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Documenting Your Department's Key Controls

Learn about documenting your department's key control activities to mitigate financial errors.

A key control is an action your department takes to detect errors or fraud in its financial statements. Your department should already have key financial review and follow-up activities in place.

To fulfill documentation requirements, departments should review those activities and identify key controls. The first steps are to determine:

Why documenting key controls is critical

Departments are required to provide documented evidence that internal control activities are being performed on a regular basis as prescribed by SAS 112.

Your department's key controls must be documented to demonstrate that review and follow-up activities were actually performed. If your department can’t provide documentation to auditors, it's as if key controls haven’t been done.

Another benefit of key controls is that they can uncover issues or problems. If this occurs, work with your business officer to determine the problem's source and identify a solution. If you need guidance, contact the Controller's Office.

Ongoing monitoring activities and other planned actions to address risks result in an effective internal control system. This ensures sound business practices, which minimizes our risk of inaccurate financial information and maintains the public trust.

Department responsibilities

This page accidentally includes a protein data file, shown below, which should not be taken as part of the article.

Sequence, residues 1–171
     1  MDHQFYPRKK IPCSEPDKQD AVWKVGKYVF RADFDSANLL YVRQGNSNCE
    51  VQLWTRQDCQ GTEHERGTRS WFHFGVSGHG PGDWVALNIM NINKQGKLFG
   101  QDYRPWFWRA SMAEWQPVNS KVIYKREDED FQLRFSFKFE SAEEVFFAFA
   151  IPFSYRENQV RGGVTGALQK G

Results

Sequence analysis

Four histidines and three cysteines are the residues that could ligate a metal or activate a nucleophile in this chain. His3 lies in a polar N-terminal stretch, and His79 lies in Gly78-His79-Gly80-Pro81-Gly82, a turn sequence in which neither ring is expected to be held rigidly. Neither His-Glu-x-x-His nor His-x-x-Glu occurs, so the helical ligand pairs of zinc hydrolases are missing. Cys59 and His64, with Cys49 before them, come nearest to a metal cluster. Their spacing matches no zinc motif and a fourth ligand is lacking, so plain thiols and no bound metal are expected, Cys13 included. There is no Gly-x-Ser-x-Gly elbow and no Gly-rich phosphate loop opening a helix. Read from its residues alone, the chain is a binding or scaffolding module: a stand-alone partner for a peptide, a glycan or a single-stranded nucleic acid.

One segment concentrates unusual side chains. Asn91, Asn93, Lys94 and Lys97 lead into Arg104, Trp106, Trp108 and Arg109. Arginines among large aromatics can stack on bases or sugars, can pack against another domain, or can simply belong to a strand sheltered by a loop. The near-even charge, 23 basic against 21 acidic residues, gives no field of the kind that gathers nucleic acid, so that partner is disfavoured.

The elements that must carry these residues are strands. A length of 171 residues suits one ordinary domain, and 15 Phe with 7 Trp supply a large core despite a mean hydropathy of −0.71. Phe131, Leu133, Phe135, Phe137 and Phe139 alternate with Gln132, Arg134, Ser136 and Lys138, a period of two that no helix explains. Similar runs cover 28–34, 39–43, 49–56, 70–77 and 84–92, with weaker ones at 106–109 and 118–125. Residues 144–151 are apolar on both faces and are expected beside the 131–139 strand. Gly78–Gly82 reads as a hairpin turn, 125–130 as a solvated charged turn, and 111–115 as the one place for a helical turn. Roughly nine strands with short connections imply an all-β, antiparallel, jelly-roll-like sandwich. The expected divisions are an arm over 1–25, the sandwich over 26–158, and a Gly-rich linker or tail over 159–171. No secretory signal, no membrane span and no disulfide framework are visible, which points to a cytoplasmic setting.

As outlined in the required key controls documentation, your department must perform and cerify these controls:
  • Fiscal Operations Review: Review of budget and expenditure reports with actual revenues and expenses monitored to ensure accuracy and reliability of budget and financial information
  • Ledger Transaction Verification: Review of ledgers to assure expenditures, liens, and revenues are correct, accurate and reasonable
  • Overdraft Funds Review: Overdraft conditions are monitored and documented for resolution
  • Effort Reporting: All employee salaries charged directly to federal and federal flow-through funds must be certified according to OMB Circular A-21.  Effort reports are certified by an official with firsthand knowledge of the work performed using Electronic Certification of Effort and Reporting Tool (ECERT). 
  • Payroll Expense Verification: Detailed payroll expenses are reviewed for general propriety and to validate accuracy of charges
  • Reconciliation of Permanent Staffing List: Review permanently budgeted faculty and staff reports to ensure employee accounting information is accurate.
  • Petty Cash and Change Fund: Cash balances are verified and reported to Central Accounting Office
  • Credit Card Activity: Transaction validation is performed and reconciliations prepared
  • Physical Inventory: Equipment has been accounted for, tagged, and properly reported
  • Individual Security Access: Appropriate personnel have been assigned the proper system access
  • Effort reporting is the method of certifying to granting agencies that the required effort has actually been completed. All employee salaries charged directly to federal and federal flow-through funds must be certified according to OMB Circular A-21.